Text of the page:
Radiotherapy has also been applied after complete excision of a primary melanoma or after therapeutic lymphadenectomy for regional nodal disease as adjuvant therapy to reduce the rate of local recurrence for certain types of melanoma. International studies show it has occasionally been used as a primary treatment for carefully selected melanomas.
Aside from the current indications for radiotherapy – post-operative cases with a risk of local recurrence, close/positive margins and satellite disease – it is also of value after surgery to the nodal basin in certain scenarios, eg, four or more nodes involved, large nodes, etc.
For the 10 per cent of patients diagnosed with metastatic disease, or the patients who develop distant recurrence, the prognosis is very poor: median survival for these patients is eight to 18 months depending on sub-stage.
Single agent chemotherapy (DTIC) and high dose Interleukin-2 are both licensed for first-line treatment in Ireland although their impact on overall survival is not certain. Some patients (perhaps five to 10 per cent) treated with the high dose IL-2 immunotherapy have significant responses, which are durable, but it is not possible to predict who these patients are and the treatment is toxic, according to the Forum.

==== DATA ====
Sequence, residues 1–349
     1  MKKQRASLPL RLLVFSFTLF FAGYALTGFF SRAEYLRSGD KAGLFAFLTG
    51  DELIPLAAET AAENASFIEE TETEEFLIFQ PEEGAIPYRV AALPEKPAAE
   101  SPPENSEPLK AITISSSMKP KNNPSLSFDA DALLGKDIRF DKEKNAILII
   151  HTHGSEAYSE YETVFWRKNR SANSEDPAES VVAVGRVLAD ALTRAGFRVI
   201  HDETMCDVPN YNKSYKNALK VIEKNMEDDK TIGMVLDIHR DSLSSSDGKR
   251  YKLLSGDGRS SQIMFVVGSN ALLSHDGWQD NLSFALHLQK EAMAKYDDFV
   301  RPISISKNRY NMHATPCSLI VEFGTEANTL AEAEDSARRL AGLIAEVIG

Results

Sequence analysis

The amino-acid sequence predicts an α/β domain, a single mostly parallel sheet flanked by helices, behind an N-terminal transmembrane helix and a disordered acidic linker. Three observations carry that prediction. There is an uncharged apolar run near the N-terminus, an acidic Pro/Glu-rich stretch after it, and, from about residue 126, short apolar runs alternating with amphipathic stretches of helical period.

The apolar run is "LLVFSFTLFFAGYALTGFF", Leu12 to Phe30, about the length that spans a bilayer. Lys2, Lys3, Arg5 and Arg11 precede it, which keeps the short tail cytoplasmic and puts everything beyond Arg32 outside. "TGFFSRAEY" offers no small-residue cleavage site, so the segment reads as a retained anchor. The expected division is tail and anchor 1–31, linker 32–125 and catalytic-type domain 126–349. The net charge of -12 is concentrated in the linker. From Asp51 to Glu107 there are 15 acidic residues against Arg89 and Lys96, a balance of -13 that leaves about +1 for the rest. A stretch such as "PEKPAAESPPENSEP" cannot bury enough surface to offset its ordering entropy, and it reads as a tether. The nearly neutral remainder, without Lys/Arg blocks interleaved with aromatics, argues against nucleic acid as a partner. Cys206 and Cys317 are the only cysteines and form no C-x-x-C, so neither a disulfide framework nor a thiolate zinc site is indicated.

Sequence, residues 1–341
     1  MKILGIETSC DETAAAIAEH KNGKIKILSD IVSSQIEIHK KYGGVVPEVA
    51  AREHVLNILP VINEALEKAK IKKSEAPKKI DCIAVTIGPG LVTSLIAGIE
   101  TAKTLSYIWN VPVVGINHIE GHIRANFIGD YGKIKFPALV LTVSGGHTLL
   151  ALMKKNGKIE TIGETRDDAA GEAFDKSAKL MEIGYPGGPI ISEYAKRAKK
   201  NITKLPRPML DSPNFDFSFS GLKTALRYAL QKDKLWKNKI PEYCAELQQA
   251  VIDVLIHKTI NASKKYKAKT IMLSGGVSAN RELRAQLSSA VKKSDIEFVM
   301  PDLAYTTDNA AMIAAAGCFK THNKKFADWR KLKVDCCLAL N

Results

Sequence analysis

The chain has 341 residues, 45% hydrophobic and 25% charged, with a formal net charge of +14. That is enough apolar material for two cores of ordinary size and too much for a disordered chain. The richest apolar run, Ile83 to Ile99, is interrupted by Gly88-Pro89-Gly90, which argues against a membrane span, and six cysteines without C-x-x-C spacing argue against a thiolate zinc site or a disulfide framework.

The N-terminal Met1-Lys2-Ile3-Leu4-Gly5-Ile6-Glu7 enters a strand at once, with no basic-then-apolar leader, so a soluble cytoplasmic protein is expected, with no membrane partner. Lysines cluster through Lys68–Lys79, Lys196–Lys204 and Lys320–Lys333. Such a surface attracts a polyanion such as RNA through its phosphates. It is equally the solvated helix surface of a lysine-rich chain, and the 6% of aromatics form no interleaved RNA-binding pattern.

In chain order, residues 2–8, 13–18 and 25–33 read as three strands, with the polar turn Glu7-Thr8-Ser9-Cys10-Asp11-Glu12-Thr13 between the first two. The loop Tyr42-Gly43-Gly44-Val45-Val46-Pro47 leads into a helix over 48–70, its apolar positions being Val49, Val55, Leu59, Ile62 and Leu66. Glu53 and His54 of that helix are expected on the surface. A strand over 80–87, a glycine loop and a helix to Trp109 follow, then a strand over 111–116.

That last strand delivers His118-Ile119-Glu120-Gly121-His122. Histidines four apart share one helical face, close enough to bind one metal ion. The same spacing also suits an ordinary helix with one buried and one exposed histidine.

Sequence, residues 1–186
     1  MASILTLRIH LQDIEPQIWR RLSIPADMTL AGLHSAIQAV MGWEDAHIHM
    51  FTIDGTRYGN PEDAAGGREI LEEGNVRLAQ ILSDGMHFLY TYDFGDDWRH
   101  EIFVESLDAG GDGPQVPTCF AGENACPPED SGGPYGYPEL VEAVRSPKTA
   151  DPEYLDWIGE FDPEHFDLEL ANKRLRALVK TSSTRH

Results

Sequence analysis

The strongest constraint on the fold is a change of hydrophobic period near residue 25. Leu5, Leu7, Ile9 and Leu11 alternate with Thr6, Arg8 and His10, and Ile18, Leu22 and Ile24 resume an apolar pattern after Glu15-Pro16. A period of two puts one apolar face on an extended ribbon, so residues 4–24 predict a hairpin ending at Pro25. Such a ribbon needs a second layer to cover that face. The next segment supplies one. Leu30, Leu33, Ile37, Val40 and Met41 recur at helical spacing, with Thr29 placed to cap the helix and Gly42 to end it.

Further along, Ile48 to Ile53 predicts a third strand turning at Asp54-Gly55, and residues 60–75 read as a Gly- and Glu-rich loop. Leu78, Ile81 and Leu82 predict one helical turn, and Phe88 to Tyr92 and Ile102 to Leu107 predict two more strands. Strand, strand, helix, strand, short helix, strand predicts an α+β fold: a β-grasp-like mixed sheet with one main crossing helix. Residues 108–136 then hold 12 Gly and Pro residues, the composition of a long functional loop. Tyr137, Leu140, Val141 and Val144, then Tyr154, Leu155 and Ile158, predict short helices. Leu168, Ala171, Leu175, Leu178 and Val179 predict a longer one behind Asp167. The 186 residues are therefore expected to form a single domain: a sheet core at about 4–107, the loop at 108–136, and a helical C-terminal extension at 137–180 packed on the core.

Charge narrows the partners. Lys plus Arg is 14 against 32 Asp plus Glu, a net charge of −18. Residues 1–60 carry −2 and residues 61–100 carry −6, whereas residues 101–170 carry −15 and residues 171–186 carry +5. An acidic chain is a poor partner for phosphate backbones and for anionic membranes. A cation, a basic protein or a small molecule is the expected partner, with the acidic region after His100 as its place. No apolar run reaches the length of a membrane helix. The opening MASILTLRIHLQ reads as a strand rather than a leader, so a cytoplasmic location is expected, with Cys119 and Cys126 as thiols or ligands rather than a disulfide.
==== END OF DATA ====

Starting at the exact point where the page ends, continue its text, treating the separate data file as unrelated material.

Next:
Until recently, there had been no approved second-line options for previously-treated patients. However, a number of promising medical treatments for these patients have been licenced in recent years, including the novel agent ipilimumab, a humanised, IgG1 monoclonal antibody that blocks cytotoxic T-lymphocyte-associated antigen 4 and a number of BRAF and MEK inhibitors.
While described as breakthrough treatments, these agents are still a long way off the success of medical treatments for other types of cancer.
Adjuvant trials are also ongoing to see if administering these drugs to high-risk patients without evidence of metastatic disease will improve cure rates over surgery alone.
There is also promising early data for combination therapies, while cytotoxic agents and antiangiogenic therapies have some activity in advanced melanoma, though there are no current accepted predictive biomarkers to select patients for such therapies, according to the Forum.
References available on request